Season leftovers: Butler inbounds play
We continue our look back at the 2010-2011 season with an inbounds play from the Butler Bulldogs, which they successfully executed in the second half of the National Championship game. It is different from any other inbounds play that has been diagrammed on here before, so I have to give credit to Brad Stevens for the originality.
Butler lines up in a diamond set, centered around the free throw line. Matt Howard, at the top of the diamond, is going to open the action by flashing to the near corner, in front of the ball handler, before pivoting and setting the screen for Shawn Vanzant.
As you can see from the frame below, the cut by Howard was not designed to get him the ball but rather to set up the screen. He is not looking for the ball and is not ready to catch an inbounds pass. The purpose of this is to get the defense moving and to give Howard a good angle to set the screen for Vanzant.
With the lane now cleared, Khyle Marshall cuts from the top of the three point line to the rim, with the hopes of catching the defense out of position to give him an easy layup. Alex Oriakhi sees the cut from the beginning, though, and stays between Marshall and the basket, taking away any pass.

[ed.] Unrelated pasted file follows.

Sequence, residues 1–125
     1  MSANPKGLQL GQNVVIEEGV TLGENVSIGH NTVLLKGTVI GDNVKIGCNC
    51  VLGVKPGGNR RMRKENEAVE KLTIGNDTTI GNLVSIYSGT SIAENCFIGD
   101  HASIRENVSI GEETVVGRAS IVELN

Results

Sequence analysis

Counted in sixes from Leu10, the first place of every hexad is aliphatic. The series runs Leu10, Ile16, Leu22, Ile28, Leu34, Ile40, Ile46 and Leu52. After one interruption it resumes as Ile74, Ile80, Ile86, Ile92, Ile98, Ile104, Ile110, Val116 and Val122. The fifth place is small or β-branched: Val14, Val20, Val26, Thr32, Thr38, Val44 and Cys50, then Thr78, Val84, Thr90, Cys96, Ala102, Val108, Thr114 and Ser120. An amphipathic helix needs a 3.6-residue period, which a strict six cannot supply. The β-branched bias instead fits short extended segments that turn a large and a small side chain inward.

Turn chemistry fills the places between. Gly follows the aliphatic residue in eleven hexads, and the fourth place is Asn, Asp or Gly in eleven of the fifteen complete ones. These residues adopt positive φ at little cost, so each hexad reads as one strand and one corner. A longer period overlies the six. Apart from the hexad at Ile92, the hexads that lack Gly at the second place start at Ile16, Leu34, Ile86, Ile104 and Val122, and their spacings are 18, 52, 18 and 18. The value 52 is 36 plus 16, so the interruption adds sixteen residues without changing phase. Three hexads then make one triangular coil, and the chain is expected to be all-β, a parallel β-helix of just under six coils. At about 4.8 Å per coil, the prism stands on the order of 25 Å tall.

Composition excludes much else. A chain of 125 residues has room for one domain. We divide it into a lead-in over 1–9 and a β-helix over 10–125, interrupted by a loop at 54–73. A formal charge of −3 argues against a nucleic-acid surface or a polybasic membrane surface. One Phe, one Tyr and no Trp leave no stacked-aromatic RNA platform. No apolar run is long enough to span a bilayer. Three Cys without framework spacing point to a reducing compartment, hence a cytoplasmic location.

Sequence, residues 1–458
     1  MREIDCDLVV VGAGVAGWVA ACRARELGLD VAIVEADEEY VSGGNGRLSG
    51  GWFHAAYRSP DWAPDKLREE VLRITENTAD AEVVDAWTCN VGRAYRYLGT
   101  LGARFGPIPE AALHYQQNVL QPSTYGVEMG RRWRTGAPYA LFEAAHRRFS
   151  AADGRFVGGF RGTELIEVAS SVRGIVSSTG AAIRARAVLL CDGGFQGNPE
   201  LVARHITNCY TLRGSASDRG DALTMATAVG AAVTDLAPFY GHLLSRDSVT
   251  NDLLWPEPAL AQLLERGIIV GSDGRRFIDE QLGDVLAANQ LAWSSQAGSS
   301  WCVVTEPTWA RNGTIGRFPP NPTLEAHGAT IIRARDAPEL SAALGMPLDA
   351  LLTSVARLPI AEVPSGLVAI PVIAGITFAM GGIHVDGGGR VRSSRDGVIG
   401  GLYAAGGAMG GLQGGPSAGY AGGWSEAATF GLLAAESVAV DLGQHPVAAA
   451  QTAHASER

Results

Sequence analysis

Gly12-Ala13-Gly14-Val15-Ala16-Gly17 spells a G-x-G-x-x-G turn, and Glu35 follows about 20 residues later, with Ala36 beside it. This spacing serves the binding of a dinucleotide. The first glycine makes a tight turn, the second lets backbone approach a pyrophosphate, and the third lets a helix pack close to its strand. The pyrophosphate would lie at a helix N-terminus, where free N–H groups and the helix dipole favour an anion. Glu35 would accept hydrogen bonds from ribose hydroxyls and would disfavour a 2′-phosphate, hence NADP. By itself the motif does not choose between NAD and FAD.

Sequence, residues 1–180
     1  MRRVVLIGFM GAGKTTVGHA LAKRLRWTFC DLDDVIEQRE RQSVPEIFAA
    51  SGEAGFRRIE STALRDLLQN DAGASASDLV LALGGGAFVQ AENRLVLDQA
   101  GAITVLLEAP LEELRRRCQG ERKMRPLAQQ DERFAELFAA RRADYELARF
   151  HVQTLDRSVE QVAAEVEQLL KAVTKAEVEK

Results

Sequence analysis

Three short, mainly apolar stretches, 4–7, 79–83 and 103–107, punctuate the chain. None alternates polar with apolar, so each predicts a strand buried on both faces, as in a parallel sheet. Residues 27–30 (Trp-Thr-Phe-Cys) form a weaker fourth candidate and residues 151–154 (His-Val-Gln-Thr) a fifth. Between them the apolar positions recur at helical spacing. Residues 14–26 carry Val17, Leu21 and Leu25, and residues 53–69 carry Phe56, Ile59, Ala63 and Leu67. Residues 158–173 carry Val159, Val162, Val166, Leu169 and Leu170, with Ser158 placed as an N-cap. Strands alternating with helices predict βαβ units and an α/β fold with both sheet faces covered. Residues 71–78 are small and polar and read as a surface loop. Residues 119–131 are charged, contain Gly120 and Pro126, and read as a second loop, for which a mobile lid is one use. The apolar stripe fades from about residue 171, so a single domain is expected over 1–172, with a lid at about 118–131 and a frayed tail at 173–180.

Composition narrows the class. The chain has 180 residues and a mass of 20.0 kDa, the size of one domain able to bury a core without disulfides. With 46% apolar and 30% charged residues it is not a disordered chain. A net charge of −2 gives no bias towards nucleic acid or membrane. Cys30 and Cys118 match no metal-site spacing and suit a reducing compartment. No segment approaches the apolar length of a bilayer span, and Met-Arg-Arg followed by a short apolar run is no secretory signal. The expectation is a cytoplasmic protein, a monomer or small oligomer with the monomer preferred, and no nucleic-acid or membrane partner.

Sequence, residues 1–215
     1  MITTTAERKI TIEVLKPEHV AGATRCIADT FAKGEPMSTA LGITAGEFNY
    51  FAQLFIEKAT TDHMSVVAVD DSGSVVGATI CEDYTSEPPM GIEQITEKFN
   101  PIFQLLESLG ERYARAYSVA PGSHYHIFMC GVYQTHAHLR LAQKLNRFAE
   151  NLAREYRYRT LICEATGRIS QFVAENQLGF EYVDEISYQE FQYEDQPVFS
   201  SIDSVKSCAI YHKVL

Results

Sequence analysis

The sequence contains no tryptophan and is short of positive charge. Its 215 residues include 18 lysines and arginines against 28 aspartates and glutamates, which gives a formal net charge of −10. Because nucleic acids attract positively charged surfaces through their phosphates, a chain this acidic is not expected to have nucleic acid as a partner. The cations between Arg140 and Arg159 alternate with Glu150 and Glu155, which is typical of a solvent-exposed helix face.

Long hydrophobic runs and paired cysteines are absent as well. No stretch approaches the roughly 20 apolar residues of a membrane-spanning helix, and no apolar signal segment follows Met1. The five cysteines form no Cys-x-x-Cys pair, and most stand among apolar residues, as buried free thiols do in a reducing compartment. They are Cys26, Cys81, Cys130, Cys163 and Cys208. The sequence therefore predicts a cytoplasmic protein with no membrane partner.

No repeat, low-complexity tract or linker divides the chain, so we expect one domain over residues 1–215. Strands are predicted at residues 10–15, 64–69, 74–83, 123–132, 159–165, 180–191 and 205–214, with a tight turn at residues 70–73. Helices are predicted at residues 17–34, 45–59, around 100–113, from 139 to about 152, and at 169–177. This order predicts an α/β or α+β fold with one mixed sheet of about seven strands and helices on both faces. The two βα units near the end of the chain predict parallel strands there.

Meanwhile, Howard goes to set the screen for Vanzant. Vanzant is going to rub off Howard and flash to the corner, to look for a midrange jump shot.
Jeremy Lamb is not playing poor defense initially, but the play is designed so that without help from Roscoe Smith, Howard’s man, Lamb will not be able to defend the play. Lamb is playing in Vanzant’s chest to take away any cuts to the rim. However, this leaves him vulnerable to a screen, as you will see.
Smith does not hedge on the screen, as he does not realize Howard is setting one until it is too late. This allows Vanzant to run free to his spot and catch and release before Lamb can recover. Lamb has to go over the screen and with no help from Smith below the screen, Vanzant is able to get his shot off easily.
This is a nice play by Butler. It starts with a cut by Howard that is solely intended to set up the screen for Vanzant. This cut allows him to get a good angle on the screen, allowing Vanzant to get open.
UConn could have defended this play if Smith had hedged on the screen and slowed down Vanzant while Lamb was fighting over the screen. This may have bought Lamb just enough time to bother the shot.
Howard could have combated that defense by rolling to the basket after setting the screen. As you can see in the above shot, that would not have worked, as Marshall had not cleared out from the paint after his cut. If he does, Howard has the option to roll to the rim and Butler has a counter for almost any defense UConn chooses to play.